New BizTalk Server exam caught in MCP .Net
By Ed Tittel
On April 19, Microsoft announced its latest Windows 2000 MCP Exam: Exam 70-230 Designing and Implementing Solutions with Microsoft BizTalk Server 2000, Enterprise Edition. It may be a coincidence, but I find it ironic that within a few short weeks of my last column predicting that .Net elements would start showing up in Microsoft certification exams, the folks in Redmond announce the first exam based on a key .Net component.
Perhaps even more significant is the fact that the audience profile for this exam includes new language that I expect will become more or less pro forma for all .Net related exams going forward:
"Candidates must have expertise with XML, and experience with XSLT is recommended. Candidates must have a working knowledge of COM+, including development tools such as Microsoft Visual Basic and Microsoft Visual C++, and a working knowledge of Microsoft Internet Information Services (IIS), ASP, and Microsoft SQL Server Enterprise Edition.
Environmental characteristics include:
- Document interchange via HTTP, SMTP, Message Queuing, and FTP
- Transactional and multi-tier applications
- Secure protocols such as SSL and S/MIME that use public-key infrastructure (PKI)
- Relational database management system (RDBMS)
- Distributed networks"
This exam qualifies its takers for an MCP and is also a valid MCSE elective. My guess is that if a redesign of the MCSP program hits any time soon, this exam will also be part of that track. Possible, but less likely, is its inclusion in the track for a revised MCP + Site Building (MCP+SB) certification, since few people have completed the current MCP+SB certification at this juncture.
Here are some specifics:
(Go here for the official version.)
Planning and Designing Biztalk Server Solutions:
This is a kind of "soup to nuts" category that covers planning and designing BizTalk-based applications and services and includes coverage of the BizTalk server itself, use of certificate services, SQL database server security, plus implementation requirements such as hardware, services, load balancing, and clustering architectures.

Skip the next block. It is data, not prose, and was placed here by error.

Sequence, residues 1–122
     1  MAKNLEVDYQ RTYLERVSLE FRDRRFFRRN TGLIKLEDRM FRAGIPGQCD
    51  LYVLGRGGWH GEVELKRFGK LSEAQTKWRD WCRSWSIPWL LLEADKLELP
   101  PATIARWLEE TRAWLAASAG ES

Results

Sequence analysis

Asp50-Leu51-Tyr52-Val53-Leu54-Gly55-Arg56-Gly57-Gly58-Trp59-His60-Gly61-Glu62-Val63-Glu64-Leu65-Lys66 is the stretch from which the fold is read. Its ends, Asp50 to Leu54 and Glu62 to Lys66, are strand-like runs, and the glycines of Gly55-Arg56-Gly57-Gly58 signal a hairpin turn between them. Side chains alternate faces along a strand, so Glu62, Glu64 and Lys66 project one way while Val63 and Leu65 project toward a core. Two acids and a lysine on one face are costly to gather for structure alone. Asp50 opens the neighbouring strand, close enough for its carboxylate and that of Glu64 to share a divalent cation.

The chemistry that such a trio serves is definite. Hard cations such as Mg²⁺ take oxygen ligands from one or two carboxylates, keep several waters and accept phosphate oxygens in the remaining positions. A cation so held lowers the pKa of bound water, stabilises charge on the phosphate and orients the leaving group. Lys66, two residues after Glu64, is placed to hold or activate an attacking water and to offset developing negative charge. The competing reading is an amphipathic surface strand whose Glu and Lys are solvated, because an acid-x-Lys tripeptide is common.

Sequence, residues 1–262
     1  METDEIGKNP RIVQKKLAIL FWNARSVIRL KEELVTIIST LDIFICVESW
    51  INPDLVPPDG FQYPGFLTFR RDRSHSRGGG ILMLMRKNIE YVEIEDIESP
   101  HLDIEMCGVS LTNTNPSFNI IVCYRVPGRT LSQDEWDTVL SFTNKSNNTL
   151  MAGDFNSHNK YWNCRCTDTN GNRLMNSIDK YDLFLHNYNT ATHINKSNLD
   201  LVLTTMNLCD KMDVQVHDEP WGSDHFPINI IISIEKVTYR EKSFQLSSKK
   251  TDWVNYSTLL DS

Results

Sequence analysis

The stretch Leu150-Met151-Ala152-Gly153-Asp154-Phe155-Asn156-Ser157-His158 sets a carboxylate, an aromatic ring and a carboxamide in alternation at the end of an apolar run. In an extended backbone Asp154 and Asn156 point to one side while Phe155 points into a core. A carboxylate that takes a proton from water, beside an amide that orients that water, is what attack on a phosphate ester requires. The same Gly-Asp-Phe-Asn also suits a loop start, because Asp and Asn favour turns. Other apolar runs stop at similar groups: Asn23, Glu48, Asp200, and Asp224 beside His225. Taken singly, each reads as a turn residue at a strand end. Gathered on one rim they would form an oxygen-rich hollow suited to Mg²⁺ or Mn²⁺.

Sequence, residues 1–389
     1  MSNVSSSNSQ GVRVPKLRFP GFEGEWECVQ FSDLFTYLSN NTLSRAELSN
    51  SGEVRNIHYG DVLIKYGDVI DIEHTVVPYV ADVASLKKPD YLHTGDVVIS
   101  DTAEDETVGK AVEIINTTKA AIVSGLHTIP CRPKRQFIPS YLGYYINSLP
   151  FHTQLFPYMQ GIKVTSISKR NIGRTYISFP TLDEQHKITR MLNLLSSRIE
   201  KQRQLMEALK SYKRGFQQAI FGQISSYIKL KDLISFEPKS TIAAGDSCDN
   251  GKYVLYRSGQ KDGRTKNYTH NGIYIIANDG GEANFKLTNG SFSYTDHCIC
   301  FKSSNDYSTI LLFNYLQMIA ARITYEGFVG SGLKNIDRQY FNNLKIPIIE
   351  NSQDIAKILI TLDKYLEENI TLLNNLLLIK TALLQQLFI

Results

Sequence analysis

Installing BizTalk Server:
Attended and unattended installations galore, plus troubleshooting OS, BizTalk, network, and SQL Server installation and configuration problems.
Building Document Interchanges:
Configuring organizations and applications as well as document definitions. Creating and managing messaging ports for distributed application components; selecting and configuring message ports for application and service data interchange. Creating and configuring channels for information exchange or delivery; various methods for configuring receive architectures for information and data delivery.
Creating Auxiliary Components:
Building COM+ components to implement custom message transports, including application integration and pipeline components, as well as programmatic document submission tools.
Administering BizTalk Server Solutions:
Managing and optimizing BizTalk Server performance working with performance counters, Event Viewer, BizTalk Server Administration MMC, Document Tracking and Activity (DTA) tool, XLANG Event Monitor, Windows Management and Instrumentation (WMI), and SQL Server Enterprise Manager. Other topics include auditing through BizTalk Document Tracking, and diagnosis and resolution of numerous implementation errors.
Creating Schemas and Transformations:
Using BizTalk Editor to import, design, create, and modify documents and related schemas, plus output transformations for document delivery.
Implementing Business Processes by using BizTalk Orchestration Designer:
Using the Flowchart Shape, Message Queueing Shape, Script Component Shape, COM Component Shape, and the BizTalk Messaging Shape. Creating and managing business transaction processes; mapping data flow between messages; configuring orchestration ports, and diagnosing and resolving problems with the BizTalk Orchestration Service using the XLANG Scheduler Engine.
All in all, this exam looks like a real monster. But hey, .Net promises some serious challenges for all of us. This exam goes beta in July, which means it will probably be September at the earliest before it goes commercial. Plenty of time to absorb the necessary background between now and then, right?
Ed Tittel is a principal at a small content development company based in Austin, Texas, and the creator of the Exam Cram series, and has worked on over 30 certification-related books on Microsoft, Novell, and Sun related topics.
This was first published in May 2001